So what is the solution? Well, as pro-life people naively state: abstinence works. Well, yes, it does, but holding people to that sort of thing doesn't necessarily work as well. Keeping teenagers away from cell phones (and adults, for that matter), is a huge problem, and merely telling people to turn off the phone and keep their eyes on the road isn't necessarily going to work, even with a stiff fine from police officers. A law needs to be put into place, no doubt about that, with stiff penalties for any driver caught doing this sort of thing. But, in addition to that, money needs to be spent on educating drivers, young and old alike on one simple fact: driving is the most dangerous thing that you can do on a regular basis. Taken out of a normal, everyday context, you are climbing into a rolling collection of metal parts, fueled by a highly combustible fluid and set off along roadways with more people doing the same thing, at high speeds. If that isn't enough to freak you out, now imagine that nobody is looking where they're going.

eBooks & Value

Last week, and publishers started going head to head with the business model that has set up for their Kindle eBook store. With the recent release of the Apple iPad, new alternatives have been opened for publishers. With it, there has been a flood of problems and statements from all edges of public opinion about not just the power that seems to be able to field, but also to the very nature of the place of e-books.

The background of the story lies with Amazon's preference for a lower price for an e-book on their Kindle device. Typically starting at $9.99, one of the major publishers, Macmillan, went to Amazon with new proposals for how to sell their books. From how I understand it, it would introduce a graduated pricing system, starting their new books at $15.99 and gradually dropping the price as demand falls away. This is something that's already pretty well established in the book industry, with hardcovers of the really big books starting off at $25 to $30, before dropping down to trade paperbacks (Around $15 each) going to or going directly to mass market paperbacks, generally around $7.99 each. There's a new, taller book (I'm not sure what it is called) that typically runs around $9.99 per copy.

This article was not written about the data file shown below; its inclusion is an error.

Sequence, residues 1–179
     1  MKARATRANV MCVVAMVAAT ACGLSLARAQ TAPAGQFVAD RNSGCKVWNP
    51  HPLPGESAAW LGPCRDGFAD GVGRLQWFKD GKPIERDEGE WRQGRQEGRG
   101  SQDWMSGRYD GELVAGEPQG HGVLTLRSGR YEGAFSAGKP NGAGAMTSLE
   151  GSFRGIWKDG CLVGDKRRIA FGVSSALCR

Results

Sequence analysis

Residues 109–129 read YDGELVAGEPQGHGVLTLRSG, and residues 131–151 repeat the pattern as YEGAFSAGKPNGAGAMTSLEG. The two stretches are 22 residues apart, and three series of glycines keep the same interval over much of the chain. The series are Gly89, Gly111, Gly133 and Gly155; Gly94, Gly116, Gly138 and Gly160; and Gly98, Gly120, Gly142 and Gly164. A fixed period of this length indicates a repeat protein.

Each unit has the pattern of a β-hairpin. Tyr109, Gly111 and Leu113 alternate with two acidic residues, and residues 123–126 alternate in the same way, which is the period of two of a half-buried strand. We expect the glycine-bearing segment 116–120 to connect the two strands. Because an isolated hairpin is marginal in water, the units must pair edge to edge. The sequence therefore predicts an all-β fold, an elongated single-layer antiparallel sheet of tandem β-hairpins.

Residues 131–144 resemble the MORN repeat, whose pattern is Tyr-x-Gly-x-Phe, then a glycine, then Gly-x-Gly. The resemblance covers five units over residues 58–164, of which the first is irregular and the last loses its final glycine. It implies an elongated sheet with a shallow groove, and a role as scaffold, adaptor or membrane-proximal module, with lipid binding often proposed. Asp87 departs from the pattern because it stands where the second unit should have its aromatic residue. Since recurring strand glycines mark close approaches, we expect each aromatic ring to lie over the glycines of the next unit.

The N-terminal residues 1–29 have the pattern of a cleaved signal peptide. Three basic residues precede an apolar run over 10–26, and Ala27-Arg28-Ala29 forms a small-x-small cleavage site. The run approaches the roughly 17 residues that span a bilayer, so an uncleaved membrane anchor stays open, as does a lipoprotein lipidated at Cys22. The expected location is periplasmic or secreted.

A big part of the issue is that profits that go to the publisher, and eventually, the author, have been cut into, as it is a cheaper way to distribute the book. This made a lot of sense for, because after purchasing a multiple hundred dollar device, because it helps the more economically minded consumers actually use the device. While it's just a little more than the mass-market paperback, buying a new release book that would normally be $30, for something between $9.99 and $15.99, makes a lot of sense, especially for the consumers who really matter - the ones who buy hundreds of books a year.

This makes good for the consumer, for sure, but it does impact other elements down the publishing line, and indeed, the bookselling line. Pundits, for years, have been predicting the demise of brick and mortar bookstores with the introduction of online bookstores such as, and with the slowly growing rise of e-books and the Kindle, it's coming back, and for good reason: bookstores are getting hurt by this new competition. I recently was laid off from Borders when they closed down 200 of their smaller stores in order to consolidate to their larger ones. While there are other issues at stake there, it is clear that people buy far more off of the internet than from in a store. When given a chance, I'll do the same thing - I can pick up other books cheaper from Amazon's used bookstore, but also from used bookstores around the area.

This is all part of a larger consumer culture that seems to be pushed along by giants such as, Walmart, Home Depot and other stores: consumers want to pay the lowest possible price for what they want. Bigger stores can make that happen, and we've been conditioned to respond to that sort of thing. One of the problems, however, is in how the consumer values the product that they're intending on buying, and how much the creator, whether it's a publisher or manufacturer, and there's a growing gap that's pushed forward by these larger stores. It's good for the consumer and good for these stores in particular, but it's not good for the manufacturer of whatever good you're trying to buy.